Inbound Freight Collaboration: How a TMS Creates Harmony Between Shippers, Vendors, and Carriers

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Today’s supply chains suffer from egocentric mindsets. Organizations are always looking out for number one, and while that remains vital to success, failure to work with other parts of your supply chain will lead to severe consequences. These consequences include higher freight spend, poor dock scheduling, increased carrying cost of inventory and more.

Although finding ways to work with carriers might seem like the ideal solution, the real answer lies in improving inbound freight collaboration with shippers, vendors and even customers. In other words, everyone in the supply chain needs to have access to the data within the system. Customers don’t need the same type of access, just the ability to see shipping costs and timelines. Thus, deployment and integration of the TMS are crucial aspects of building harmony and profitability through inbound freight collaboration.

Subpar Communication Within the Supply Chain Leads to Exacerbation of Problems

Inbound freight management is often an afterthought in supply chain processes, notes Inbound Logistics. Unfortunately, poor communication within the supply chain leads to the worsening of problems.

For instance, many companies believe vendors are responsible for inbound freight. Such actions leave wide margins of error for inbound freight scheduling and planning which compounds when shippers assume vendors work together to schedule deliveries. The burden rests on the shoulders of the shipper to let vendors know when shipments are acceptable, keeping in mind the two-hour delivery window most vendors and carriers follow. 

The Uses and Substantial Benefits of Transportation Management Systems

The Undisputed Value of a TMS

The use of a TMS is essential to managing outbound freight and ensuring customers have the lowest shipping pricing available, if not free. However, shippers may not be using a TMS to its fullest potential, leveraging it to manage inbound freight, as well as outbound freight. The basic premise of a TMS is to control the shipping process from its origin to destination, and since your dock is the destination, it is a useful tool to optimize inbound freight.

The value of using a TMS for inbound freight management derives from collaboration. If your inbound freight routing guide specifies the use of different carriers to reduce inbound freight costs, it represents an added time drain for your business and vendors. However, a TMS could follow pre-set rules for determining inbound freight carriers, scheduling deliveries and more.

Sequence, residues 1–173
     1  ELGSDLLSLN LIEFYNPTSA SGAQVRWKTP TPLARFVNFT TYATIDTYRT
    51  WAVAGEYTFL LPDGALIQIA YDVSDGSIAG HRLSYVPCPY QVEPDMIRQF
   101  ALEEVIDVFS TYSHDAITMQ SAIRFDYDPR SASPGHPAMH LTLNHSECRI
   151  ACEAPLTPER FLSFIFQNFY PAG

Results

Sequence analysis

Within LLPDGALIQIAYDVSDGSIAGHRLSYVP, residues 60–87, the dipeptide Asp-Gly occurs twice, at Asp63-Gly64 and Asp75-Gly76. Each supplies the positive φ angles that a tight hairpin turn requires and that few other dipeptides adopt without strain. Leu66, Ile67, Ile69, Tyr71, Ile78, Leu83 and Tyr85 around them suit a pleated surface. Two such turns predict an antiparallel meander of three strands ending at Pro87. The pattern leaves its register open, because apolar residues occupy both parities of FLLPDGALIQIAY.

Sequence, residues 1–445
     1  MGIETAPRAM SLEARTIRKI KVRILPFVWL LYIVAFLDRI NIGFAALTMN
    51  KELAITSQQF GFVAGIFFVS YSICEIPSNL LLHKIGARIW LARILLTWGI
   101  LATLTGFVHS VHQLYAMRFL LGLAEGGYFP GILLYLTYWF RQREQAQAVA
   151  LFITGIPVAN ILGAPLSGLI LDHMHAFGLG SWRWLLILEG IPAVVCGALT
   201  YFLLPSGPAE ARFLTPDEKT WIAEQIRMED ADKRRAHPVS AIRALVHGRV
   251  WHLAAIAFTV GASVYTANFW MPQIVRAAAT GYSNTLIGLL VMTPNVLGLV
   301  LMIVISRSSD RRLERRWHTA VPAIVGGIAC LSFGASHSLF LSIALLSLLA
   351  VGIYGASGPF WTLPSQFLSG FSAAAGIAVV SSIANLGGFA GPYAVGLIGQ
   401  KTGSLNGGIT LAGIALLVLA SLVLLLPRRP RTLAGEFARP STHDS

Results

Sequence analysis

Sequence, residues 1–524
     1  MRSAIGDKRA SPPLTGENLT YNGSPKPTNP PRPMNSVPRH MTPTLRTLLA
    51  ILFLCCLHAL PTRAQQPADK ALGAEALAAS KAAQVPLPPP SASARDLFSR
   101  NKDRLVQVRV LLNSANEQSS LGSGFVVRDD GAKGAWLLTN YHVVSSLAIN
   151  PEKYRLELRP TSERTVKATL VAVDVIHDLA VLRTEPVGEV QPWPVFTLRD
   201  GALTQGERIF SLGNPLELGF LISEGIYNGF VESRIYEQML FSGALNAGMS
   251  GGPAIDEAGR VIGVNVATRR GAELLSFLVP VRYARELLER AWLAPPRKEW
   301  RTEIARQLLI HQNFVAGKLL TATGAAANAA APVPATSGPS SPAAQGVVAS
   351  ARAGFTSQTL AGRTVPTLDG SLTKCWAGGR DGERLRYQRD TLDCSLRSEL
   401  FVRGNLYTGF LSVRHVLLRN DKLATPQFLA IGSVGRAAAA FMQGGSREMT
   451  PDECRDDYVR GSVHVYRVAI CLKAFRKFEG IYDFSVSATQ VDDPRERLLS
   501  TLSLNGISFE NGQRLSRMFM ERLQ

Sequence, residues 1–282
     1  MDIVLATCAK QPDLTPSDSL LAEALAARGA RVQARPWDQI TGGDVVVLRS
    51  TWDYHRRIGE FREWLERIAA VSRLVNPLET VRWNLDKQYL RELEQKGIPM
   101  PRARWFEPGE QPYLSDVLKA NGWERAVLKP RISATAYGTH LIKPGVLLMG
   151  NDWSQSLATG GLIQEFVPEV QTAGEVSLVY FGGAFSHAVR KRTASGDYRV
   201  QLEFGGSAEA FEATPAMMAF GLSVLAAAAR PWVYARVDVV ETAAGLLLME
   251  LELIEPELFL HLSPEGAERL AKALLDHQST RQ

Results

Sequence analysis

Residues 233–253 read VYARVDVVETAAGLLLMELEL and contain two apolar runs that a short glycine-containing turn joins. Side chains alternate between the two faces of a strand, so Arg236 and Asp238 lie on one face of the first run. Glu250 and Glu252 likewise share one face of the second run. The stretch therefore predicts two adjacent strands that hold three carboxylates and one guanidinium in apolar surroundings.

The TMS also allows for inventory reductions through improved confidence in your vendors supporting the customer service side of business-to-business transactions. Remember your organization is the customer for suppliers. Eliminating manual processes and getting everyone on the same page through the system of record offers significant benefits for your organization, such as reduced inventory, improved cash flow and more.

Ways a TMS Enhances Supply Chain Inbound Freight Collaboration

There are many ways a TMS enhances collaboration and communication within the supply chain. Considering inbound logistics, the primary impacts of TMS deployment include:

  • Reduces documentation inconsistencies. Documentation inaccuracies, including incorrect data, may result in delays in inbound freight scheduling, shipping, and delivery.
  • Uses artificial intelligence and big data to make informed decisions. Using big data, shippers can understand inbound freight costs and use artificial intelligence to make more cost-effective decisions. Furthermore, applications of the TMS may automate the inbound freight scheduling and management process.
  • Provides a snapshot of costs for different carriers, enabling continuous review of freight issues. Problems may occur, and a TMS serves as a dashboard and collaboration tool to review the potential issues and identify how to prevent their recurrence.
  • Improves opportunities for inbound freight consolidation and access more capacity by working together, not in silos. Supply chain executives have reported an increased interest in working with other companies to share the road, so to speak, as to reduce the number of empty miles and avoid lost opportunities for capacity, says Jeff Berman via Logistics Management.
  • Lowers risk of detention time for drivers. Decreased risk of detention time reduces the costs of inbound freight and improves the likelihood of gaining shipper-of-choice status, which may open the doors to lower freight costs, avoiding missed pickups and expanding your network.
  • Streamlines freight claims processes for damaged goods or inability to deliver shipments to your facility on-time. When damage does occur, third-party logistics providers (3PLs) may offer additional services, including freight claims auditing and management, for companies using a set TMS, such as the Cerasis Rater.

The Importance of Inbound Logistics in Effective Freight Management

Put the Power of a Dedicated TMS to Work in Your Inbound Freight Management Program

A dedicated TMS is an effective way to lower outbound freight costs and gain control over inbound freight management simultaneously resulting in improved communication and collaboration among all parties, improving customer service along the way. Fortunately, companies that take the time to understand the risks and potential benefits of enhanced inbound freight management can work together to save money, boost profitability and reduce risks.

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